We may never see a vehicle like this ever again.
At the turn of the century the hot trend in the Motor City was to make a retro-styled vehicle to play off the nostalgia Baby Boomers craved in a big way. Chrysler did this with the Plymouth Prowler and so did Ford with the restyled final-generation Thunderbird. General Motors needed to jump on the bandwagon, but it did so in a way nobody could anticipate. When the Chevrolet SSR (Super Sport Roadster) was unveiled at the 2000 Detroit Auto Show it was treated by most auto journalists and the public as just a design study, something crazy that would never be sold but might influence future car designs. They were all wrong.
There were some automotive journalists who at the time told Chevy to build the SSR since buyers would supposedly flock to it. After all, the truck screamed for attention and had a 6.0-liter V8 from the Silverado, so it would obviously be a true hot rod pickup. They were also wrong.
By 2003 a Chevy HHR was pacing the Indy 500 and Americans were left trying to figure out what exactly the vehicle was. The front end styling was obviously inspired by the Chevrolet Advance Design pickups of the late 1940s and 1950s, so that combined with the bed in the rear hinted at a utilitarian nature. However, the SSR sits low to the ground, the bed is shallow as well as covered by a hard tonneau, plus the retractable hardtop storage area takes away from the payload space.
To make things more confusing, the muscular fenders and name hinted at it being a performance vehicle. This led to many consumers thinking the Chevrolet SSR was a factory hot rod, but performance out of the box left much to be desired. It wasn’t nearly as quick as the muscular, low-to-the-ground designed suggested. Many felt the design was false advertising and were turned off by the reality of the Chevy SSR, even though their interest was initially piqued.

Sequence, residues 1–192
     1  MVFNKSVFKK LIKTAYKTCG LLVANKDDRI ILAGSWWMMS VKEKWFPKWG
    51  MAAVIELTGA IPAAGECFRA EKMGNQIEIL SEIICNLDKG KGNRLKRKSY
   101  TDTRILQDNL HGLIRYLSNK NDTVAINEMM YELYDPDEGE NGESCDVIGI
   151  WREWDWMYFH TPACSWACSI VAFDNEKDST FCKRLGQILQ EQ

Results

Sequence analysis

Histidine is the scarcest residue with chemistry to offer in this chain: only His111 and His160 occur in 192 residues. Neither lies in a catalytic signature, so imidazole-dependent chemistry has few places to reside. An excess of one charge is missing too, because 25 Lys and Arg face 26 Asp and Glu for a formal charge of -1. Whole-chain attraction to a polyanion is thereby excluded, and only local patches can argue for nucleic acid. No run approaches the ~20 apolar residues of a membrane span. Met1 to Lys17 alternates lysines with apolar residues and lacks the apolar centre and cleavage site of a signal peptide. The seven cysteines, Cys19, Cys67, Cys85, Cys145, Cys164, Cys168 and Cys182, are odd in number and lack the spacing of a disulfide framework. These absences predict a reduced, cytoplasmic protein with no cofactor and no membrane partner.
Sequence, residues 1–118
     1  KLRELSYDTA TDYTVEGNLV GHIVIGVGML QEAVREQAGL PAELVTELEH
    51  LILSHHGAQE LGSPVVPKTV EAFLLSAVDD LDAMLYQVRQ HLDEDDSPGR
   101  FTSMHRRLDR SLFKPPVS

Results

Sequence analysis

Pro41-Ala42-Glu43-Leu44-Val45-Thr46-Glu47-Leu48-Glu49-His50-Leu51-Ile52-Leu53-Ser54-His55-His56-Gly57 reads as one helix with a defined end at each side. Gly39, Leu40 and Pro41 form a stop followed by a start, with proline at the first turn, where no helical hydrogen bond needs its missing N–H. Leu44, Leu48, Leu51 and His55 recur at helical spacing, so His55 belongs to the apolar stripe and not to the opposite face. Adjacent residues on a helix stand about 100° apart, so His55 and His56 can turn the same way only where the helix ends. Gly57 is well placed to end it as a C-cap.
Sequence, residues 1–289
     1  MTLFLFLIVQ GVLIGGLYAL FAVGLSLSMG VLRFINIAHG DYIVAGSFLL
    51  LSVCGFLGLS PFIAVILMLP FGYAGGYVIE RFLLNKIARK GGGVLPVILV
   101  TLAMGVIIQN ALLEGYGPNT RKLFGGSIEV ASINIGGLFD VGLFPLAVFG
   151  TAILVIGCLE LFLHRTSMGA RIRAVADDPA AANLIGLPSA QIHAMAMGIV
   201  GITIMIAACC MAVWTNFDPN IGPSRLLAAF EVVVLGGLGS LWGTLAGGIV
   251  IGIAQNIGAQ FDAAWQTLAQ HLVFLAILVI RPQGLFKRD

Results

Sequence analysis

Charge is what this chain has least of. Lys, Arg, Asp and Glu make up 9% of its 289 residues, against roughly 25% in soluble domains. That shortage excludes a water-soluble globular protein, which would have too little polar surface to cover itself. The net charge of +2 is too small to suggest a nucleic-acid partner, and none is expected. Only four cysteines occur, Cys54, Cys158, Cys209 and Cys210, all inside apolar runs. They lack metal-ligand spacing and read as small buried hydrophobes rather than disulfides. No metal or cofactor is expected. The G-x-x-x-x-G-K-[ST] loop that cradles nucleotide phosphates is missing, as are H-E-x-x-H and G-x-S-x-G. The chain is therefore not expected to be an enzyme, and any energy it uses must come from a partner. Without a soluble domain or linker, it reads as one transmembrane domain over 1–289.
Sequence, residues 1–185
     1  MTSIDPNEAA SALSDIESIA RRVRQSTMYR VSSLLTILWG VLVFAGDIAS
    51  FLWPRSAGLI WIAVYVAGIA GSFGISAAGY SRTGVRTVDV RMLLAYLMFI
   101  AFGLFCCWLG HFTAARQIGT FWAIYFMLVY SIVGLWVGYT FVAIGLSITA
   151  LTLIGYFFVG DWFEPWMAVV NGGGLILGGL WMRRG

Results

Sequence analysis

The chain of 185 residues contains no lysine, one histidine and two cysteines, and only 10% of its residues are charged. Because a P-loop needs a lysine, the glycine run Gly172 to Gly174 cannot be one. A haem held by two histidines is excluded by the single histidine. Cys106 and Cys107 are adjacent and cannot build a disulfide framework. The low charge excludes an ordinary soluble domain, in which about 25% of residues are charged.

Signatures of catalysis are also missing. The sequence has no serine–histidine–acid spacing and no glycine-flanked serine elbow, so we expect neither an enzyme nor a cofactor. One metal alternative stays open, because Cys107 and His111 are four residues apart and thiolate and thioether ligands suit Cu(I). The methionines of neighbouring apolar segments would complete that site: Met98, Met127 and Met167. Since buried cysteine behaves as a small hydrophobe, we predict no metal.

Under the skin the Chevy SSR was just a Trailblazer EXT. It came with the same 5.3-liter V8 with 300-horsepower on tap, plus an uninspiring 4-speed automatic transmission. That kind of powertrain certainly didn’t square with the hot rod styling of the vehicle, so enthusiasts were understandably disappointed.
With some pointed feedback from shoppers, Chevrolet used an LS2 starting with the 2005 model year. It was the same 6.0-liter V8 found in the Pontiac GTO and C6 Corvette of the time with a nice 90-hp bump versus the previous engine. Buyers could opt for a Tremec 6-speed manual, which fit the sporting image of the SSR far better. This was definitely an improvement, and some declared the vehicle to be more entertaining to own than a ‘Vette, but it wasn’t enough to rescue the SSR’s damaged image.
One of the many fatal flaws of the Chevy SSR was what killed Japanese sports cars in the late 90s: pricing. At about $40,000 MSRP many found the cost of the confusing hot rod truck hard to justify. Sales suffered.
GM shelved the hot rod truck in 2006 and most people didn’t even notice. Ultimately, the Chevrolet SSR only racked up about 24,000 sales throughout its run, making it a market disappointment.
That’s not the end of the tale. There are plenty of collector cars which were failures during their production run, like the Plymouth Superbird and Dodge Charger Daytona. In fact, small production figures even if they’re due to a lack of market interest can later fuel collectability. We say “can” because it doesn’t always go that way.
With the SSR on the collector market things have been a mixed bag. At any given moment you can find a clean, low-mileage example from someone who likely snatched up the hot rod truck up when it was new, thinking they would cash out once values soared. However, most sellers are lucky to get back what they paid originally, with few exceptional examples selling for a little more. Values have been fluctuating up and down in the past couple of years, but not by much, showing tepid interest from collectors and enthusiasts.
You never know what the future holds for the Chevy SSR. That’s the thing with collecting cars is a sudden shift in the market fueled by any number of factors could turn a vehicle that was once practically tossed aside a hot commodity – we’ve seen that happen plenty of times. However, the fact this odd vehicle was geared at Baby Boomers doesn’t bode well for its future. There’s always the chance that Gen Z buyers will fuel a rise in values, if they’ve fantasized about owning one, but we haven’t seen any indications of that yet.